Asus EP 121 Running Windows 8
Microsoft had a large developer conference last week. There were over 5000 developers on hand to see the latest Windows 8 news. One of the things that was very exciting about the event is that it coincided with Microsoft’s public Windows 8 developer release. The software was officially posted at around 10pm CST and by the next day the software had already been downloaded over a half million times. That’s pretty incredible!
As for me, I have already posted about my new toy, the Asus EP 121. As I said, I had the device configured very nicely running on Windows 7 and truth be told, I have done the beta stuff before, so I was torn on whether I should install the software as the primary OS, or if I should instead install it as a virtual machine. At the end of the day, I decided that I would load Windows 8 as the primary OS and instead build a virtual machine (using Hyper-v which is built into Windows 8). This wouldn’t be so risky except that I have fallen in love with the Asus slate and it is now my daily work machine.
How is it going? I have gone through multiple installs. I have done the in-place upgrade, the install without formatting and re-formatting the drive. I have also used the build in restore options for “fixing your device” and the option for “giving it to someone else”. The installations have been straight forward and pretty easy.
For a tablet (my primary device), Windows 8 is on the right track. There is no question that Microsoft has to walk a tight line between allowing the functionality of a tablet and the full power of a PC. All of the tablets on the market today require the user to completely compromise on ease of use and functionality for the sake of battery life and simplicity.
Wow! That’s all I can say. The Asus slate now boots faster than my iPhone which really came as a shock. Once started, there are some unique login options that are pretty cool. The most unique is the picture password. With this setup, you can choose your favorite picture and by making various gestures, click, swipe, circle, a login password is created. It’s a nice touch.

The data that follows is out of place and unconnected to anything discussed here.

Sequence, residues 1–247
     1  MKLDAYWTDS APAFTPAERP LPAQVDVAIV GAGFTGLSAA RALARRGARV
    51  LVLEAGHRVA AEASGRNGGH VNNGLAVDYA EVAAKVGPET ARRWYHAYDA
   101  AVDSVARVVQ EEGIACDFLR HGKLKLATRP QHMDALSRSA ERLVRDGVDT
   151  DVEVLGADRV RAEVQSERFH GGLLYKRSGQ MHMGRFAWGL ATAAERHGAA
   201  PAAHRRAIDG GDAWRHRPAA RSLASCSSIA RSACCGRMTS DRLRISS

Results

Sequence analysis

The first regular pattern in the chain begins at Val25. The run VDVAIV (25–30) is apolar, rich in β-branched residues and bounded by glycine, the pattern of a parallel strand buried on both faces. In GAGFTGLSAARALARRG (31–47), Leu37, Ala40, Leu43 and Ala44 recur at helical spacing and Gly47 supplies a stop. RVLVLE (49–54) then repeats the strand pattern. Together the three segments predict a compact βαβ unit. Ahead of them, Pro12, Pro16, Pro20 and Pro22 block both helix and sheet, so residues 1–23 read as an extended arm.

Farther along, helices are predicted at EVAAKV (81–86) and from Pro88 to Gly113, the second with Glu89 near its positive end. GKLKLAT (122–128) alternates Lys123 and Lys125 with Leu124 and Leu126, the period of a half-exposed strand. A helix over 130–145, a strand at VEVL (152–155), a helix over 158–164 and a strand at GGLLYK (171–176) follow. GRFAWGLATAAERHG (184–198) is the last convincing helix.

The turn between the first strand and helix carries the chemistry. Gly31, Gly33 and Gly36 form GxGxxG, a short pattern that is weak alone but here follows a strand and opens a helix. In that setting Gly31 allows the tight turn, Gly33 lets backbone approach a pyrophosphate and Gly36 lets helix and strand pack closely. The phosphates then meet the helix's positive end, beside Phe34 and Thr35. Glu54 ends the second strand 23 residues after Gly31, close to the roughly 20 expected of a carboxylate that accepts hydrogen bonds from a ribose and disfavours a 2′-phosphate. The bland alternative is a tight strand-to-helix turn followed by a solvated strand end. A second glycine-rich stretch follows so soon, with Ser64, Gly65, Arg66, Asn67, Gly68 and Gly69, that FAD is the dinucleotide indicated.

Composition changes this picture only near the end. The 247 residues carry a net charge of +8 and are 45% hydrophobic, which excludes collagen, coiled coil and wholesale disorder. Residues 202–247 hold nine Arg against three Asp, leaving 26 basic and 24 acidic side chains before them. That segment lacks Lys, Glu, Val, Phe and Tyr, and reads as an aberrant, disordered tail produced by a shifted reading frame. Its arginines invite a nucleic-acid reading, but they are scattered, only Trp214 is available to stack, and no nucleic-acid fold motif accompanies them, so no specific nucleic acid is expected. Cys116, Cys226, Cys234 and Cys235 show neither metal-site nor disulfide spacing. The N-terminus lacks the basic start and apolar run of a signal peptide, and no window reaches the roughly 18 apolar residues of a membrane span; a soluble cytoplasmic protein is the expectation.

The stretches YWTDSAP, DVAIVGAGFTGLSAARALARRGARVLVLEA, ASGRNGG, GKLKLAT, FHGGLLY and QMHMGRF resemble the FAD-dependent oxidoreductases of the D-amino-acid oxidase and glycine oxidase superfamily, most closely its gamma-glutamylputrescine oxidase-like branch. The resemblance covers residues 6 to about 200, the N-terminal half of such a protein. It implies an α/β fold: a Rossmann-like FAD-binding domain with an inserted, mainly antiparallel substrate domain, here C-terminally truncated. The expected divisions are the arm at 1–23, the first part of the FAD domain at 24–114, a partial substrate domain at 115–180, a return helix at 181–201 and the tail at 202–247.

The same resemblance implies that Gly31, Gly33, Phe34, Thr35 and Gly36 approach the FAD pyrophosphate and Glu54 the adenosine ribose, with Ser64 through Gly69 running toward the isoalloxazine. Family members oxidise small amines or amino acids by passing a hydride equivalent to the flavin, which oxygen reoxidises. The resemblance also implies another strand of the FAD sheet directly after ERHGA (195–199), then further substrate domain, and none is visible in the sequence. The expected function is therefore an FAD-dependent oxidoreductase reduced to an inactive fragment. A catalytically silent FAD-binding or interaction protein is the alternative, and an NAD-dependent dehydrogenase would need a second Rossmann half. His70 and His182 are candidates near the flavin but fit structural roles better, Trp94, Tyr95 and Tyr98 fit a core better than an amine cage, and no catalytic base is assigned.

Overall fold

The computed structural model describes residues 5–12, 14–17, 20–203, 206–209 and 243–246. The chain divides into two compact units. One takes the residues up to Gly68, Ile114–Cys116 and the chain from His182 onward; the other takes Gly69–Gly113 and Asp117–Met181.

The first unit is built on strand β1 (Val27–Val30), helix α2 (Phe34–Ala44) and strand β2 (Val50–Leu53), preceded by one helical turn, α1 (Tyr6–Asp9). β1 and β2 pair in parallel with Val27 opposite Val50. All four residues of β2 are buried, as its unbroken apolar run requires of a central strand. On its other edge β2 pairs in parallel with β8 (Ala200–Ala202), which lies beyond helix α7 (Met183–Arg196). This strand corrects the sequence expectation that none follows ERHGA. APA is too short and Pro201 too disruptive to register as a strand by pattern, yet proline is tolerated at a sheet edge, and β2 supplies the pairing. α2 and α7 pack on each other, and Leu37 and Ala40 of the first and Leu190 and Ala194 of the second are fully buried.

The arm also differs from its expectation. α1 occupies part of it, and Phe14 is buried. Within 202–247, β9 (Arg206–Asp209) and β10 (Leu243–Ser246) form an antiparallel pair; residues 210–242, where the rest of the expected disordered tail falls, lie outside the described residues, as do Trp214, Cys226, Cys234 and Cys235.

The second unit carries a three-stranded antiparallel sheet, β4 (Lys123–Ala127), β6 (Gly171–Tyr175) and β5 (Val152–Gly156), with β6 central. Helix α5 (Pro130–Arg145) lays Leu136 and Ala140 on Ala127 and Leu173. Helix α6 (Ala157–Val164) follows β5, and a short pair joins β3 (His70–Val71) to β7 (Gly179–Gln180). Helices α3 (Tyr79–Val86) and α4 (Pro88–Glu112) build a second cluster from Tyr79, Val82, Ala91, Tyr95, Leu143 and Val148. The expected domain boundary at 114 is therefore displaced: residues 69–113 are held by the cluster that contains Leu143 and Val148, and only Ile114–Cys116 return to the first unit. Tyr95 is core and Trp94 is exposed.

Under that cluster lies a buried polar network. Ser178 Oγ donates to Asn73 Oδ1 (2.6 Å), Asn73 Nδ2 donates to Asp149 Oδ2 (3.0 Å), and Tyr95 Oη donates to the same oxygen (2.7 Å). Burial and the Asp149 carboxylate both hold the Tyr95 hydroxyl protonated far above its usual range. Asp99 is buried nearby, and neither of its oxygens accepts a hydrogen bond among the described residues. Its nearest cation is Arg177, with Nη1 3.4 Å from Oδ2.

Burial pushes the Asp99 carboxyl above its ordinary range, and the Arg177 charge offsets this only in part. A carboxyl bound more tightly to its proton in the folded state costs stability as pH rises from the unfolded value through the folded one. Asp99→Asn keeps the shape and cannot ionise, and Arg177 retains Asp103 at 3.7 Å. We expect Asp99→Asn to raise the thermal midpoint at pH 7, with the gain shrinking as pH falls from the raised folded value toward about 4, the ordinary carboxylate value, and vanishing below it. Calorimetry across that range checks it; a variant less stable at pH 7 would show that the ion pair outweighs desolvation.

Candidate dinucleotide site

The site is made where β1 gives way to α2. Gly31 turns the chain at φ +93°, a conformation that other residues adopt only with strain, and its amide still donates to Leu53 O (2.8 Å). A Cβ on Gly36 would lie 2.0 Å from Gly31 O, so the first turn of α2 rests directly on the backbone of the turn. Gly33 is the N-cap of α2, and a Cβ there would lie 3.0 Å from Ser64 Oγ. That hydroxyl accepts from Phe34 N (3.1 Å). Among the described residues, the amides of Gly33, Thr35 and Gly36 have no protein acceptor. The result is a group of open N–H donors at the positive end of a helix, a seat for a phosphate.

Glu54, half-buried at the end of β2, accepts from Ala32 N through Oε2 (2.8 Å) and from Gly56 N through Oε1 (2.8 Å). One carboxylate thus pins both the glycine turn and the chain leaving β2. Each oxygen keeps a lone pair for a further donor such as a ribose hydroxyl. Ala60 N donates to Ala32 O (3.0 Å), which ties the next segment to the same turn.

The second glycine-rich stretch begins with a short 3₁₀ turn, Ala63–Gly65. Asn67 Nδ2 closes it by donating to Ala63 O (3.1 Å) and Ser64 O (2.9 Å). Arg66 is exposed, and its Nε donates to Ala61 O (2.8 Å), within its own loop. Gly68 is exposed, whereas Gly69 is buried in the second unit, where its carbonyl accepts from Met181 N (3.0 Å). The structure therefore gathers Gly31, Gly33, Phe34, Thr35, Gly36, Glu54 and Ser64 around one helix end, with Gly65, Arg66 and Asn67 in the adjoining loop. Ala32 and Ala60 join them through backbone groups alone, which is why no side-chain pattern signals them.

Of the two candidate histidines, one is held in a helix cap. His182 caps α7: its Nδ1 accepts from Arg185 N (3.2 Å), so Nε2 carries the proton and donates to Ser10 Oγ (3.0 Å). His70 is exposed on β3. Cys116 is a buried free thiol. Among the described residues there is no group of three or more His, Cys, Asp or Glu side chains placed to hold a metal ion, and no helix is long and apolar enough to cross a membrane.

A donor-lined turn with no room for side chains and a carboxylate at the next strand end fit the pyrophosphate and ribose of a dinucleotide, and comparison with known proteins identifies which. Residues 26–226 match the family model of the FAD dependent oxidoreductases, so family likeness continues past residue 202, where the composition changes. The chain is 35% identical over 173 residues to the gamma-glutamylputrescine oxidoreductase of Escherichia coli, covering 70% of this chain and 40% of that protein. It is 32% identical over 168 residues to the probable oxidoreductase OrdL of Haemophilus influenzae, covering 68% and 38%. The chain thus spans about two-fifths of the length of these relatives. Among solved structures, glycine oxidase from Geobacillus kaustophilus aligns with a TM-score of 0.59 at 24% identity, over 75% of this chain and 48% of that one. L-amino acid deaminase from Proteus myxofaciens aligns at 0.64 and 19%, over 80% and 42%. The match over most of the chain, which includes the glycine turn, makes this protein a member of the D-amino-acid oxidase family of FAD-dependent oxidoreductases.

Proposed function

Appearance and Interface
With Windows 8, the new start menu will come as a shock for some, but if you are familiar with the Windows Phone interface, this is very familiar territory. Live tiles have replaced icons and in a nutshell, the live tiles allow the applications to provide information at a glance. For instance, a Facebook app will constantly show new pictures or latest postings without launching the app. The weather app will update with the latest info, etc. You get the idea. For the Windows 8 Metro interface, it’s very smooth and very easy to figure out.
1. Click on a live tile to launch an app.
2. flick in from the right edge of the screen to bring up the menu options (or go to the traditional start button if you are using a mouse/keyboard).
3. flick in from the left edge of the screen to quickly switch between apps. You can also start to flip in and without letting the app take full screen, drag your thumb back to the edge and switch the app you are pulling in. That’s going to be nice if you want to split the screen between a couple apps you have running (alt+tab, Windows+tab, or mouse to left and wheel down with mouse).
4. While in the app, swipe up from the bottom and have the same options as right-clicking (or right click with a mouse).
Overall, this interface is quick, simple and intuitive. However, there are some downsides too. The old “desktop” appears like it’s one of the apps running on Windows 8. You can launch the “desktop” app if you want to have the legacy interface. But, in the legacy interface, the start button takes you back to the metro start screen. This is going to be too much for some people expecting to see the old programs menu. Technically, the new start menu is very well thought out and it’s more efficient; however, it’s a big change. For that reason, it’s going to be very important that Microsoft spend time managing the message and explaining in a simple way how and why the new interface is better. If the marketing of Windows Phone is any indication of the Microsoft capabilities in this effort, Windows 8 could be in for some serious problems.